- Page 1 Cooler Master CM Stacker 830 Review
- Page 2 Cooler Master CM Stacker 830 Review
- Review Price: £174.00
Cooler Master has a reputation for cases geared towards the enthusiast and its Stacker range of chassis have been immensely popular, being amazingly well built and very functional – especially if you have large water cooling or require plenty of fans.
The latest incarnation of the Stacker is the 830 series. From the outside it looks very different to the previous models, with its solid aluminium door and a much more rounded look. As cases go, it’s certainly on the large side at 540mm x 250mm x 640mm. Clearly, you’ll need to clear some desk space or for-go some leg-room.
The door looks quite smart, sporting a front grille. The grille is mainly for looks as there is an ample amount of space at the bottom of the door for airflow. For most cases, when you take a door off it looks a little ugly as you can still see the where the door attaches. However, because this case is designed to have the door hung on either the left or the right, the four holes for the hinges are not only discreet but are symmetric too. The hinge is spring-loaded and comes off much in the same way a loo-roll holder does. Once removed, it has a striking resemblance to a medieval shield and those with a good imagination may find other, perhaps battle related uses for it.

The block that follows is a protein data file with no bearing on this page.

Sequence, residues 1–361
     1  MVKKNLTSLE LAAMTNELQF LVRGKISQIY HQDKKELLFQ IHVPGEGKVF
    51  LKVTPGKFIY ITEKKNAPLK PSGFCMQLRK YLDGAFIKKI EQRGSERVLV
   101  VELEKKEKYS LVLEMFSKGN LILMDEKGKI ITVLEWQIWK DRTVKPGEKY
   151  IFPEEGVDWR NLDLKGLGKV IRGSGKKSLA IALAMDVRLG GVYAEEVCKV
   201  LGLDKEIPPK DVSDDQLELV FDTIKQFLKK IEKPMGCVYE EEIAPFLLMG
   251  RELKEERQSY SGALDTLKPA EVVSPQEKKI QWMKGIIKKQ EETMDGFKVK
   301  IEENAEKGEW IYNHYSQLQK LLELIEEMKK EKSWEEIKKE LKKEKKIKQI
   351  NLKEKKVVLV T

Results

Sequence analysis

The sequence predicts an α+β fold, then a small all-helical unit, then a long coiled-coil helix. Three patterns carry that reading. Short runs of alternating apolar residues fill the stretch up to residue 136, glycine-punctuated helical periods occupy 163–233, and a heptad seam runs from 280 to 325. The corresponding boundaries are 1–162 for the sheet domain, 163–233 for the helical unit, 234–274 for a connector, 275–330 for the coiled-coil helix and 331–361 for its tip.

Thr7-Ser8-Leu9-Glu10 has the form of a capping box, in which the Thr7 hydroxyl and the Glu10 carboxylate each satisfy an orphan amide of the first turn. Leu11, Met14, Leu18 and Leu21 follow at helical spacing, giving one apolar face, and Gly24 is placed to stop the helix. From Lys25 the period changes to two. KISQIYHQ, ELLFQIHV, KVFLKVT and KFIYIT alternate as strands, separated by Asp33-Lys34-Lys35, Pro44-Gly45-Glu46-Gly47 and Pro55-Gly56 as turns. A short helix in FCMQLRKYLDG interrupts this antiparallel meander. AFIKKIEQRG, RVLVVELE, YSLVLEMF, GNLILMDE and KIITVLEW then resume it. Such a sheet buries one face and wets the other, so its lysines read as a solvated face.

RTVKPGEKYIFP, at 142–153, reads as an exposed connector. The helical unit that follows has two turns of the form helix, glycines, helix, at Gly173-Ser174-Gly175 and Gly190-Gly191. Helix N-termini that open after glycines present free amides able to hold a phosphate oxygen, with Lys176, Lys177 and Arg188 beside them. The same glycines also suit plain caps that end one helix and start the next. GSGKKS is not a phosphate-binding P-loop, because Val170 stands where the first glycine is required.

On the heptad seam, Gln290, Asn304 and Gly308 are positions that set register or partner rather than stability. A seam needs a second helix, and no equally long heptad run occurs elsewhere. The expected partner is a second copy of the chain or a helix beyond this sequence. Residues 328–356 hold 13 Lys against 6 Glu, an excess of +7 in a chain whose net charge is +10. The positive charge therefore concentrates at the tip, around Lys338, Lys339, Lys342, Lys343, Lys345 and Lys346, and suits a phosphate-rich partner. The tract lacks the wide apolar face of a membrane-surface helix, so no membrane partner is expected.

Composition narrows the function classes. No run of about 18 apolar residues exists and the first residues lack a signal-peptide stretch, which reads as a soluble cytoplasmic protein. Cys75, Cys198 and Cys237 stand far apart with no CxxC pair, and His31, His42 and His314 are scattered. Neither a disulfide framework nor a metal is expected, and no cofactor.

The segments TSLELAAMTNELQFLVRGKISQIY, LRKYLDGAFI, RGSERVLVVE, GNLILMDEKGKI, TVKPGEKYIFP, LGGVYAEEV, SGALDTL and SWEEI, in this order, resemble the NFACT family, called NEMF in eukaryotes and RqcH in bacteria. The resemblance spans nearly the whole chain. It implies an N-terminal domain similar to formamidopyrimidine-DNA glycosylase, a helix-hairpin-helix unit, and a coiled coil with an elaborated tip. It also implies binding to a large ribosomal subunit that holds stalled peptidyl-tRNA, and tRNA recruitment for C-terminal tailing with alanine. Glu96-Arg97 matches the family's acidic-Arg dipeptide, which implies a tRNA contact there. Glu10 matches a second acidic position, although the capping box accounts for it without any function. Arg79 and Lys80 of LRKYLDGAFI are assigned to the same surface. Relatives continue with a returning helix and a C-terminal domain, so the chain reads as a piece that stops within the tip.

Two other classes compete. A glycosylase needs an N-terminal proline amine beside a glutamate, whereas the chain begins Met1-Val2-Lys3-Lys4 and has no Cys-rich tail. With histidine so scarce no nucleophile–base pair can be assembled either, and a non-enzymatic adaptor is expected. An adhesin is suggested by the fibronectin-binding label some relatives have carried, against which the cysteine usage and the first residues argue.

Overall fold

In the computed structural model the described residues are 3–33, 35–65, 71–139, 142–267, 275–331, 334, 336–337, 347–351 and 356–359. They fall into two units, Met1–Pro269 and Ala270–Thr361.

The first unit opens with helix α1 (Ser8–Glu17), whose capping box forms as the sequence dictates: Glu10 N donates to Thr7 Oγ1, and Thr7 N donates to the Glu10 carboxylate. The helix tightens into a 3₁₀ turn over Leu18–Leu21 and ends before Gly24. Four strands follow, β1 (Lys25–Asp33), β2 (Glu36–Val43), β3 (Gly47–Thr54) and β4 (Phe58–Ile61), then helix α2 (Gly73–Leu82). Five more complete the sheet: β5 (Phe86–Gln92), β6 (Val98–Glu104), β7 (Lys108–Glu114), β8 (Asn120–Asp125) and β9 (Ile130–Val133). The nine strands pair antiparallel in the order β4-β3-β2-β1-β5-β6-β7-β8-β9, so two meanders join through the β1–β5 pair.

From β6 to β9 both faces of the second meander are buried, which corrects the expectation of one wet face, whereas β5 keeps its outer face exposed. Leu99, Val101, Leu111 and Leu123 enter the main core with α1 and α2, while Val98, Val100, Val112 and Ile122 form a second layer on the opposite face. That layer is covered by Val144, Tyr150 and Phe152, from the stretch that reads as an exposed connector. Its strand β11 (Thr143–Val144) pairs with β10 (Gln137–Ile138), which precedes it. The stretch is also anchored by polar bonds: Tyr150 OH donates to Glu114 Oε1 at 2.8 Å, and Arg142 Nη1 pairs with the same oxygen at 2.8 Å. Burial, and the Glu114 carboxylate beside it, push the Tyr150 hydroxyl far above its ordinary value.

The power button area looks like it wouldn’t be out of place on a Stargate Atlantis set. There’s a strangely shaped power button, backlit with a blue LED and two USB ports with a flush reset switch. At the very top of the case front are two more USB ports, a headphone, microphone and a six-pin Firewire port. These are thankfully accessible even when the door is shut.
There are no case screws holding the side panels on, but instead a plastic lock much like you’d see for attaching lights to mountain bikes. By pushing these in, the doors just pull off. If you’re like us, case screws always end up unused, for easy access to a PC’s gubbins but this is a better solution offering ease of removal without any rattles or doors falling off in transit.
Once the side panels are removed, you’re greeted by yet another swing door, but this time designed as a holding cage for up to four 120mm fans. Considering the side panel is almost one complete grille, airflow is aplenty. A couple of 120mm fans running at a low spin speed should provide plenty of air without damaging ear drums.
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